Lots of my friends have been furloughed and they were all stuck at home with children 24/7 and we formed mini online support groups for this. I felt lucky that I could continue my normal routine of full-time work as you can’t take emergency calls at home. My off days had been spent studying for an online degree so my routine didn’t change too much. However I was very up and down emotionally. It sometimes felt like the world was ending slowly and we were all going down with it. I am single and have no children and I could feel my anxiety levels creeping up so I had to make extra sure to use my support network and say how I was feeling rather than keeping it bottled up. More than once I cried in my car after shopping in local supermarkets as I felt so anxious and unsafe.
Things have settled down a lot now, we have very good restrictions in place at work where we all keep two meters away from each other at all times. There is only one entrance allowed into the building and one exit and we are pretty good at keeping ourselves socially distanced as we don’t move around a lot at work. As time has gone on I’ve felt less anxious and I’m grateful my friends all have common sense and aren’t putting themselves or others at risk. Throughout this time I’ve been paid as normal and I know that makes me one of the very lucky ones. I just can’t see how we stop social distancing now, it’s become the new norm.
Are you a frontline worker dealing with new stresses or irresponsible management? Is working (or not working) from home starting to take a psychological toll? How are you coping with reopening? Submit a story using this Google form or send me an email with the subject line “My Covid Story” and...Read more
Gerald, bar manager, Australia
I sold everything I had to travel for six months, and then start a life on the East Coast of Australia after leaving Perth on the West Coast.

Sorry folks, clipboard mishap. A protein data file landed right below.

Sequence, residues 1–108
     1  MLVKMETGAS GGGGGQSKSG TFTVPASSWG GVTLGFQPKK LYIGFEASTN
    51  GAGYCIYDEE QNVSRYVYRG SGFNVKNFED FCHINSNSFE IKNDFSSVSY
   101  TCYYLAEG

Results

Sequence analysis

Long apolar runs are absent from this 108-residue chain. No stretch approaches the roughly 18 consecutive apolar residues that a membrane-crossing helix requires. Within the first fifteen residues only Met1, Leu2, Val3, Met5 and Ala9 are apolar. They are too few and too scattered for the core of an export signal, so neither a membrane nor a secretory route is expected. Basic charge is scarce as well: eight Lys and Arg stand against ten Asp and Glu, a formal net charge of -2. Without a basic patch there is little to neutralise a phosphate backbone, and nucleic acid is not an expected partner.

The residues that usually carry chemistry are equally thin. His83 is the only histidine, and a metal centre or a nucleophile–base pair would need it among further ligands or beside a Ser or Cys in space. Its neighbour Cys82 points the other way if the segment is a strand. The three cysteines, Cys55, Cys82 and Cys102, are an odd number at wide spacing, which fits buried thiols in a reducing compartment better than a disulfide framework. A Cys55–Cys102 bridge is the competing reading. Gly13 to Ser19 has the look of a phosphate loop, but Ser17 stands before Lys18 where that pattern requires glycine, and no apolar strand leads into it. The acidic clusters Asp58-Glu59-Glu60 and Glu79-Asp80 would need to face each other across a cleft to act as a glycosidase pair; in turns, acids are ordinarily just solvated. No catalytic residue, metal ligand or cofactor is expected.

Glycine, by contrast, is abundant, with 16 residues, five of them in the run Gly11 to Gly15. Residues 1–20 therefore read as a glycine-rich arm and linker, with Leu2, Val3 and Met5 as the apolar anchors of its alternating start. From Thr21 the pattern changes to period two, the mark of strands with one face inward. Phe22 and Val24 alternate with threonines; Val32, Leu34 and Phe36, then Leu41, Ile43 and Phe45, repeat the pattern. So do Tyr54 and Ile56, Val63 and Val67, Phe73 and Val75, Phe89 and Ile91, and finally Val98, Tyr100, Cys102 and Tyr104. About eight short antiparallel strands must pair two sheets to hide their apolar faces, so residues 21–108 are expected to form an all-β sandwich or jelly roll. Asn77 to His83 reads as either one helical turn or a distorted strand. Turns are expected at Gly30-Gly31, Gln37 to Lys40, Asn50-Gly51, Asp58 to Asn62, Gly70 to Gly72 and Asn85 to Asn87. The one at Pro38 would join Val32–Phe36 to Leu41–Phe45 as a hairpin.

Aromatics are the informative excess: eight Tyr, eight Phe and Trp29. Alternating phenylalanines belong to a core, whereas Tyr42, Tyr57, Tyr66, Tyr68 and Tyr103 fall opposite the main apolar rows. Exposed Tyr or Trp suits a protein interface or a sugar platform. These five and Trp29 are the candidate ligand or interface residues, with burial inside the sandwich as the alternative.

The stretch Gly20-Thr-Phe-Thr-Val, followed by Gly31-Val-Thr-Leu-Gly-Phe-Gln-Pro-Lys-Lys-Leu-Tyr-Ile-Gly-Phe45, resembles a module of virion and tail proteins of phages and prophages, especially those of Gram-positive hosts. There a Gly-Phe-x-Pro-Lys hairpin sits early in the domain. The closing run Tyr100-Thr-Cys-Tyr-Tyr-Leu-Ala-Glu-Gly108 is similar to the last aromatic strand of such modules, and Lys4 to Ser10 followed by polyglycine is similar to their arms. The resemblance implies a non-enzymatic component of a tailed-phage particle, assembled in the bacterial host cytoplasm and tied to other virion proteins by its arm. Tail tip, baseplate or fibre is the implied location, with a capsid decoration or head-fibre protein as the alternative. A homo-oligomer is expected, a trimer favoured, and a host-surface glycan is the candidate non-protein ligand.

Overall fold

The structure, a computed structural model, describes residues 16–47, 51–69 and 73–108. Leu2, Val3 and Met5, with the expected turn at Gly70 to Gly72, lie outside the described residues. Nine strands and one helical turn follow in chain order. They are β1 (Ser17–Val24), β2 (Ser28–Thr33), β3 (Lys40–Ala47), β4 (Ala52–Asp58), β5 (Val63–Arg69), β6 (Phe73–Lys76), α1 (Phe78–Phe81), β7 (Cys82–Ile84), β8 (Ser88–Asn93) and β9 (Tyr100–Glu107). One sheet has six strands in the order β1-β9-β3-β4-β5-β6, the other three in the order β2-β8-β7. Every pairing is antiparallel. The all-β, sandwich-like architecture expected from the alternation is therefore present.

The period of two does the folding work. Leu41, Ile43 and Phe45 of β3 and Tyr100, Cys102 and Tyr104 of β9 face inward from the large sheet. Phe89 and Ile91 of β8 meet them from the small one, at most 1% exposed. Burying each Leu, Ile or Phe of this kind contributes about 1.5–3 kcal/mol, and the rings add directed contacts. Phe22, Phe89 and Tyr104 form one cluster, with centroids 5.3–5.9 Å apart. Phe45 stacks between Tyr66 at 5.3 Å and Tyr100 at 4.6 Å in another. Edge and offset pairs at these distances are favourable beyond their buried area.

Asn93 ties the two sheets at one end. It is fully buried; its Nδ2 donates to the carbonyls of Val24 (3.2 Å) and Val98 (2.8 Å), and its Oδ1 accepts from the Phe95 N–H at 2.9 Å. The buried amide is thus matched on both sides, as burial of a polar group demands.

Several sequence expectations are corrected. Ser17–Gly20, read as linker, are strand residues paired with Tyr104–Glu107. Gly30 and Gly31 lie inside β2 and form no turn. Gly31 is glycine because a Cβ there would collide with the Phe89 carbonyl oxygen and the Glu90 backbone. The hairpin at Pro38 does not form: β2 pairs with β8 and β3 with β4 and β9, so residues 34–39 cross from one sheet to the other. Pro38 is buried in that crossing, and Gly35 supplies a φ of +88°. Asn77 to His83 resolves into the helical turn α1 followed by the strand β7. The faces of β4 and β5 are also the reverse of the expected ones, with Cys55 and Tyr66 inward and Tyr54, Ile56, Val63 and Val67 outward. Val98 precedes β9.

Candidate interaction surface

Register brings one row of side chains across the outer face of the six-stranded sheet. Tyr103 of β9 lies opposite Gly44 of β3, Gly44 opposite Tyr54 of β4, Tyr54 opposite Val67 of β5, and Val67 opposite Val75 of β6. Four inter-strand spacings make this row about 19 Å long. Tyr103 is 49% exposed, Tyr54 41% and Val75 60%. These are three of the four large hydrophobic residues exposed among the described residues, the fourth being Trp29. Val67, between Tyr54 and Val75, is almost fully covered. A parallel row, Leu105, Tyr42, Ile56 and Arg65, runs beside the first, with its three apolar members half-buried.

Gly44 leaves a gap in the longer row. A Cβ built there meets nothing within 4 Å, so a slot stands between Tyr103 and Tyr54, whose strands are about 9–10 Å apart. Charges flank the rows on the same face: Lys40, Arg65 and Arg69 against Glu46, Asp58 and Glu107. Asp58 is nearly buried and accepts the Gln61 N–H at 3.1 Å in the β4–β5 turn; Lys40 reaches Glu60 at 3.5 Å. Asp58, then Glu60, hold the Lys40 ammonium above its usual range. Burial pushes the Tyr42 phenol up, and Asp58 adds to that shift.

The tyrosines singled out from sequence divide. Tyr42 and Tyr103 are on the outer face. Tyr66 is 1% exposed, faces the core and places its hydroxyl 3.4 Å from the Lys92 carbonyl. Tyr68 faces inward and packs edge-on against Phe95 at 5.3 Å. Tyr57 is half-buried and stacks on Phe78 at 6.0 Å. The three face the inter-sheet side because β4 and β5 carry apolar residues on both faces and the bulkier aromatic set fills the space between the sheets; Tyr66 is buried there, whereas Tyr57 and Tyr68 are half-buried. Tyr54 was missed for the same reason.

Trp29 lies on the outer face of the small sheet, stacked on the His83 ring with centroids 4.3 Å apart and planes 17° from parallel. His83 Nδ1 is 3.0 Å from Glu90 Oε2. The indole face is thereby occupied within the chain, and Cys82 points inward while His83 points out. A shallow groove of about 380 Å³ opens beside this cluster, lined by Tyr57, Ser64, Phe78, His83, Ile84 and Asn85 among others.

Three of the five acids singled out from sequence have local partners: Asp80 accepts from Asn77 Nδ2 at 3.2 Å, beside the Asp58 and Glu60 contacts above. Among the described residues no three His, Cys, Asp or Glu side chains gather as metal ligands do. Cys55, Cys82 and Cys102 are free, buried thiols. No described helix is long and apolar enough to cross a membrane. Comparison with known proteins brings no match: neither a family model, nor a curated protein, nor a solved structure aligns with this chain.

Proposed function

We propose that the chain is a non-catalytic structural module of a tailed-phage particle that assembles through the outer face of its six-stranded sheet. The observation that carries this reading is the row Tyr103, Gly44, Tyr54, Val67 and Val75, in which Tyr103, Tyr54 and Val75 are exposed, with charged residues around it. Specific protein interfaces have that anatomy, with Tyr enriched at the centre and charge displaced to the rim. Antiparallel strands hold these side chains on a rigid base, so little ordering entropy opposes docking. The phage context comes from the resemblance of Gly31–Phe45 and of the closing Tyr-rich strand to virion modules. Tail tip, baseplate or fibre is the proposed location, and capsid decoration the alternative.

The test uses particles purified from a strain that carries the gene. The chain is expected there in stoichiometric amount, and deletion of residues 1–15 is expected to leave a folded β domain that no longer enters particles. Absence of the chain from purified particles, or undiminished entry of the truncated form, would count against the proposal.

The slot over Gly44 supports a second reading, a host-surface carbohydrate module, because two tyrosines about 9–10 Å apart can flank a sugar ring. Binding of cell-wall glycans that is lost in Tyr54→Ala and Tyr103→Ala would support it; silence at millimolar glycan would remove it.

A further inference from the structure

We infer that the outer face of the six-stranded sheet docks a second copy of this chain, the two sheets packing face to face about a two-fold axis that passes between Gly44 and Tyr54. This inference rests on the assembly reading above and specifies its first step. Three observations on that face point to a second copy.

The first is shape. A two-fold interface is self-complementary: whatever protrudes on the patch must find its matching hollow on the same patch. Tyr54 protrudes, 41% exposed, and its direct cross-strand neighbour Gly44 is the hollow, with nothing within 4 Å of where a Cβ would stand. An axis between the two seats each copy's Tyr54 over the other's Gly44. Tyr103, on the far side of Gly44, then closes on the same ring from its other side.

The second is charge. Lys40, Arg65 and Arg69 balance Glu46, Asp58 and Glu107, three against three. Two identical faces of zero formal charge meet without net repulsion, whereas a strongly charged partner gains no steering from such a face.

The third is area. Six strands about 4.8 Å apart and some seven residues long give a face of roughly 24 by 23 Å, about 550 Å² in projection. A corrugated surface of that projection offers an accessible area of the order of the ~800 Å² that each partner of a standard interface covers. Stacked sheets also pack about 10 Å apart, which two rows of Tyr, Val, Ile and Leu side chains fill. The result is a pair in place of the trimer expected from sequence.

I passed through Wuhan just as news hit of a new virus, riding on a bullet train. I left China for Japan about a week later, and travelled from Tokyo, ending up in Fukuoka before returning to Tokyo to fly out to Seoul just as the Diamond Princess docked. I left South Korea just before the first case was reported associated with the Shincheonji Church.
Got back to Australia on March 3 from the Philippines, just before our lockdown, and just short of two weeks before roadblocks were set up in Manila. I managed to dodge the virus all the way through from the initial reports until I got back to Australia and I’m now (still) trapped on the east coast because my home state has closed its borders. I was trying to visit friends before going to visit home. I’m now stuck here, living off of my savings, with no job and no job prospects, and sleeping in a friend’s spare bedroom. I’m effectively homeless.
I’m one of the fortunate ones. I still have savings and thanks to some close friends I have a place to sleep. My lifelong dream holiday of travelling through Southeast Asia turned into a slightly paranoid nightmare, which thankfully never caught up with me until I got back to my home country. Even so, I’m trapped thousands of kilometers from home.
Ed Meehan, teacher, Western U.S.
I am very lucky when it comes to financials. My wife and I both teach at the same high school and our jobs are secure. We are handling it fairly well emotionally.
When it comes to our jobs, it is very challenging. We are both teachers that love our jobs and our students and in the span of 24 hours we had to completely change everything. Theatre and education are things that absolutely require you to be in the same room with your audience or class. Personal connection is fundamental.
Educators have done a phenomenal job pivoting but it is a little crushing to know that we can’t really do it. We really hope to be back together in the fall but that means that we will have to shift modes drastically again and work with some distance learning hybrid curriculum. At the same time we hear of the massive cuts education will face as a result of the pandemic. I don’t know how we can make the proposed changes with less money. When corporations are bailed out big time but we are faced with deep cuts, we tend to feel a little demoralized.
That being said, I still count myself extremely lucky. My family is safe and secure. I am in no danger of losing my home and I can safely quarantine with a lot of space that suits my family. I just want to get back into the same room with my students so I can authentically connect, create a safe space, and make theatre.